The Literator; INSIDE PUBLISHING
Monday 23 June 1997
Sheldon - a winner of an Oscar, a Tony and an Edgar (the latter from the Mystery Writers of America) - began his writing career in the screen trade, working first at Universal for $17 a week. After doing his patriotic duty in the USAF, he quit Hollywood for New York, where, aged 25, he had three musicals playing simultaneously and gave Kirk Douglas his break in Alice in Arms. Back on the Coast, he wrote 25 films, including Easter Parade, Annie Get Your Gun and Anything Goes, before joining the fledgling television industry.
Books didn't beckon until the 1970s, and despite his multimedia successes five publishers turned down his debut novel, The Naked Face, later named by the New York Times as the year's best first mystery. Each of his 13 subsequent novels has been a bestseller and it's estimated that Sheldon has sold 275 million books in 180 countries in 56 languages, including Russian, Turkish, Korean, Greek, Hebrew and Indonesian. Eat your heart out, Jeffrey Archer.
Is Marcella Bernstein setting an unwelcome - unwelcome for publishers, that is - precedent? The author of Body and Soul, published by Mandarin, is suing Reed for alleged "lost" royalties. She claims that Reed, which owned Mandarin (and a host of other imprints) until earlier this year, when they sold to Random House, failed to promote the television tie-in of the book "well enough". Reed denies the charge, which could lead to an interesting court case hinging on the issue of what constitutes "well enough". Since publishers rarely bother to sell any book "well enough", a win for Bernstein would see the courts jammed for years.
my attention is drawn to two forthcoming forums hosted by the Society of Authors. On 1 July, a rerun of a discussion that was a sell-out last year. The subject? "The Incompetence of Publishers." At the Royal Society on 16 September, another thorny question: "How much of your soul should you sell?" The discussion is followed by a "fork buffet". What - no knives?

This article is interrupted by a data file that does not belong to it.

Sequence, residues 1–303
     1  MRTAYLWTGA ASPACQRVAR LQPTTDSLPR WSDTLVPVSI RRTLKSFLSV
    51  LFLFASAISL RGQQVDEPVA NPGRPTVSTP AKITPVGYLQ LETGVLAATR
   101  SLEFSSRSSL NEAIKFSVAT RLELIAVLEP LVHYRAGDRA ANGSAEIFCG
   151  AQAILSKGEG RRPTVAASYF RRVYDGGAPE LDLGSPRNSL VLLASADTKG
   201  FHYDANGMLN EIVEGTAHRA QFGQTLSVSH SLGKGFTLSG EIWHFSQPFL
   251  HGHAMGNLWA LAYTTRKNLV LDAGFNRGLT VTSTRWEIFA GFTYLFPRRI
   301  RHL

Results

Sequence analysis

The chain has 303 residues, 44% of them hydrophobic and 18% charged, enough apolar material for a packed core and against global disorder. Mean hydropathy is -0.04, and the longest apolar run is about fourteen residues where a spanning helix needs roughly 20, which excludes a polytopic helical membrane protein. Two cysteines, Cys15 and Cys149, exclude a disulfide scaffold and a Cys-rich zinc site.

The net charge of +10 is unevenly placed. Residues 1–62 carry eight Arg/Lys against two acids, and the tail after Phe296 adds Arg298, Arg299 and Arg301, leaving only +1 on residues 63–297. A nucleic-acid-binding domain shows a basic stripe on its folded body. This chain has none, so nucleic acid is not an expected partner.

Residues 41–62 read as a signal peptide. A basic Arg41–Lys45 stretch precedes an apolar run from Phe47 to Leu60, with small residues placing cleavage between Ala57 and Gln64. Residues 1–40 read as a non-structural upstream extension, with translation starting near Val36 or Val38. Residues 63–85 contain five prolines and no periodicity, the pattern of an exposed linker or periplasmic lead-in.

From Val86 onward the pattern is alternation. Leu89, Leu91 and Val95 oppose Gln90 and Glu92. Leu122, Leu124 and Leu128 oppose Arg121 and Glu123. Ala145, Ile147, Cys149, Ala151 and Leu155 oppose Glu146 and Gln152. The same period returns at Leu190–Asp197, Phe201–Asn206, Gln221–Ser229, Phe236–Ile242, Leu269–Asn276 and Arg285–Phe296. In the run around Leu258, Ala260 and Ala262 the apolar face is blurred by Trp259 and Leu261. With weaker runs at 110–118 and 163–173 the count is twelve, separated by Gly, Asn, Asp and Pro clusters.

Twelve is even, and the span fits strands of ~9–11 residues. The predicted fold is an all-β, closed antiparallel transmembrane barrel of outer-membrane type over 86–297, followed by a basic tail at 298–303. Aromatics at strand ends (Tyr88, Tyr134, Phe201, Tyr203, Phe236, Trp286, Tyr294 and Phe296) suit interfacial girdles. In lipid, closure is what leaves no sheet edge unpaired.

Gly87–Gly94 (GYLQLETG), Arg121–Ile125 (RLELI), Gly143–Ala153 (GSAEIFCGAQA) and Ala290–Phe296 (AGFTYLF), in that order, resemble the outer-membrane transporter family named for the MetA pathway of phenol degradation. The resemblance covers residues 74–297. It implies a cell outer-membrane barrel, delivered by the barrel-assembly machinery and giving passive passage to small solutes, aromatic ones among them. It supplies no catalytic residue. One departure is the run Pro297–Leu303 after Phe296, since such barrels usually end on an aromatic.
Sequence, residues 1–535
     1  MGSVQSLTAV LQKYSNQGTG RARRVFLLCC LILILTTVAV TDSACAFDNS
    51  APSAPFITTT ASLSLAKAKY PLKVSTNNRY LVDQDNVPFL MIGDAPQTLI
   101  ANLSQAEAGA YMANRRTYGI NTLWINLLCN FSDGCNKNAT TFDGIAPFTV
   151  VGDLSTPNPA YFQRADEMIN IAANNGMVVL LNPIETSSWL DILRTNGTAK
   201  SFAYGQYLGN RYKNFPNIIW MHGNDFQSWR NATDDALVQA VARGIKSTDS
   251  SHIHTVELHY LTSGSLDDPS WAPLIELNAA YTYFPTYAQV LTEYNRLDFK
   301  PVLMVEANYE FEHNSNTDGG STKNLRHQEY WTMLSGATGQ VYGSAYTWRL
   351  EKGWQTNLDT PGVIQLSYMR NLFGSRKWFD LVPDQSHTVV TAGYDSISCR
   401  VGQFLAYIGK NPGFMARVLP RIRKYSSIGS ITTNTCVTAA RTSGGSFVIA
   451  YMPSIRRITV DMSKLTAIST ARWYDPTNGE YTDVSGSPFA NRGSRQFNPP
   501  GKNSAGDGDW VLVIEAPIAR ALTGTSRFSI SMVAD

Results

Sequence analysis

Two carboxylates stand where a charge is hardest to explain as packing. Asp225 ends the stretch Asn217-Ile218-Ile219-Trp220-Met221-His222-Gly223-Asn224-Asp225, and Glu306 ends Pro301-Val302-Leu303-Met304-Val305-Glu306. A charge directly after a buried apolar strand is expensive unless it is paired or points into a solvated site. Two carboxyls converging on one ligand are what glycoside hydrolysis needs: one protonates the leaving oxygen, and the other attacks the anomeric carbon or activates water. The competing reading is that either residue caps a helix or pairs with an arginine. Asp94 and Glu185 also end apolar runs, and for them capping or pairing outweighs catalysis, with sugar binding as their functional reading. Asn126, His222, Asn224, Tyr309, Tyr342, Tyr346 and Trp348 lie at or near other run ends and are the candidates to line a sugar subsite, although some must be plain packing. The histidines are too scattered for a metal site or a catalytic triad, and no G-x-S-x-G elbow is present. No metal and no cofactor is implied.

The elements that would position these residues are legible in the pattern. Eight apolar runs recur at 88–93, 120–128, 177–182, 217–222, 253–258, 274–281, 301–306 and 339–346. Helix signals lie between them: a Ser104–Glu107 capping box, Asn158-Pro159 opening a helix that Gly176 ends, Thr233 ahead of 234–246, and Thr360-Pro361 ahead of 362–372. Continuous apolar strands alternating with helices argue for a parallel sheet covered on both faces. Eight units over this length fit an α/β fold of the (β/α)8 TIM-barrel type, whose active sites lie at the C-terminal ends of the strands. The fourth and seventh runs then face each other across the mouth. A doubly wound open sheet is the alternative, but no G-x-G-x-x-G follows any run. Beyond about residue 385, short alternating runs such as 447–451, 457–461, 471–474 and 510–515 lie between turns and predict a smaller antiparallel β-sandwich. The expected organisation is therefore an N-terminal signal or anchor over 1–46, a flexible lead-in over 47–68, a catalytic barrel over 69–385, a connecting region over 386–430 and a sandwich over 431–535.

Gone With the Wind, Rebecca, Dr Zhivago, The Forsyte Saga, Pride and Prejudice, Emma ... all have spawned sequels, with Scarlet, the sequel to Margaret Mitchell's classic, itself spawning a sequel and Emma prompting two rather different sequels.
Now news that Michael Walsh, a Time contributor and author of several music books, including a biography of Lord Lloyd-Webber, is at work on a sequel to Casablanca, the 1942 film classic based on a Murray Burnett/Joan Alison play, Everybody Comes to Rick's. The Walsh opus has been commissioned by Warner Books in New York, part of the Time-Warner media giant, which made it nice and easy for publisher Maureen Egen to acquire rights in a sequel from the studio. Indeed, the novel is likely to become the basis for another Warner Bros movie, or at least a TV mini-series. No word yet on a British publisher, but As Time Goes By, as it will be titled, is scheduled in the US for next year. Play it again, Sam.
Bookish surfers of the Internet might like to check out two new Websites. Poems on the Underground, one of the decade's most successful "brands" - the Cassell anthology has sold more than 200,000 copies and is in its sixth edition - now has its own site at www.netpoems.com.
And doughty independent publisher Serpent's Tail, whose list includes Bill Clinton's favourite crime writer, Walter Mosley, has launched a "Lonely Heads" page. Just answer a few simple questions and Serpent's Tail will match you up with your ideal bedtime partner ... a book. Among the features: literary gossip, a book of the month feature, prize draws and a catalogue database. "Reading - it's the new sex" the publisher claims. Try it and see on www.Serpentstail.comn
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